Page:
Advancing gender equality in the digital world
We are living through a transformation in the world of work. Automation and “thinking machines” are replacing human tasks and jobs, and changing the skills that organisations need to be successful. In this time of rapid change, how can organisations make sure all their employees – regardless of gender – have the chance to succeed? They will need to keep a relentless focus on gender diversity while upskilling their people. Achieving gender equality is all about equal opportunity. Equal opportunities for people to learn new skills, progress their careers and reach their full potential.
More women than ever before are choosing the fast-growing technology sector as a pathway to career success. But despite efforts by technology companies and governments alike to increase female representation in technology, women occupy only 30% of jobs in the tech industry on average across the G7.
How can organisations promote opportunities for women in the technology industry throughout the career life cycle? We’ve identified four key focus areas:
AI and new technologies such as robotics, drones and driverless vehicles could displace jobs for women, but can also create new ones. PwC analysis finds that fewer female jobs are expected to be lost from automation relative to jobs lost for the male population in the OECD, but the gains from job creation are likely to be bigger for men than women. The health and social care sector, the largest employer of women in the OECD, is expected to experience a net increase in female employment as a result of technology.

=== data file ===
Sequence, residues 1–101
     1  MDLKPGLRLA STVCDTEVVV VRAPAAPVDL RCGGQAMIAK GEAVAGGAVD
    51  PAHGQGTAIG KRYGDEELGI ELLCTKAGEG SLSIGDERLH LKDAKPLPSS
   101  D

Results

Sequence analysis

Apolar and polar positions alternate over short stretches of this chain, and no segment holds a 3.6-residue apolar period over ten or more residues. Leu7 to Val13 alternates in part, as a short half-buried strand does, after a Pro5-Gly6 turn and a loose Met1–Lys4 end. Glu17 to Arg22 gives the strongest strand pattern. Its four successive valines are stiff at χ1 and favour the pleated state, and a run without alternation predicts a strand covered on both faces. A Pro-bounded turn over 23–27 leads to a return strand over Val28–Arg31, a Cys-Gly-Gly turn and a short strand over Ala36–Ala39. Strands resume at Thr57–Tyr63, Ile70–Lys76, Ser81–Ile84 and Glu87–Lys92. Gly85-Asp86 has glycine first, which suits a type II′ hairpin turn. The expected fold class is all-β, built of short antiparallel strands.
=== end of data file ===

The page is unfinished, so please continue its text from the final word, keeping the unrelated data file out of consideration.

As workers are increasingly impacted by automation, a recent PwC global survey found that more than half of workers globally believe that automation will either significantly change or make their job obsolete within the next decade. It is therefore vital that governments and businesses work together to offer more training in digital skills and STEM subjects, and support retraining into other jobs in sectors where the “human touch” is crucial.
Learn about PwC’s New world. New skills. programme which aims to help upskill millions of people around the world.
To mark International Women’s Day 2020, we asked some of our female leaders around the world to share what innovation means to them.
“Policymakers and businesses have a key role to play in helping people, including women, adapt to technological change throughout their working lives. With the right interventions, everyone including women can benefit from the gains in productivity from technology and automation.”
During the World Economic Forum Annual Meeting in Davos earlier this year, Sheryl Sandberg, Chief Operating Officer of Facebook, and Bob Moritz, Chairman of the PwC Network, spoke about gender and mental health issues at The Equality Lounge, hosted by the Female Quotient.
Watch the webcast to hear their take on how mental health in the workplace might be different for women than men, and what organisations can do to support their people.
Dale E Meikle
Global Diversity & Inclusion Program Office Leader
Global Diversity & Inclusion Program Manager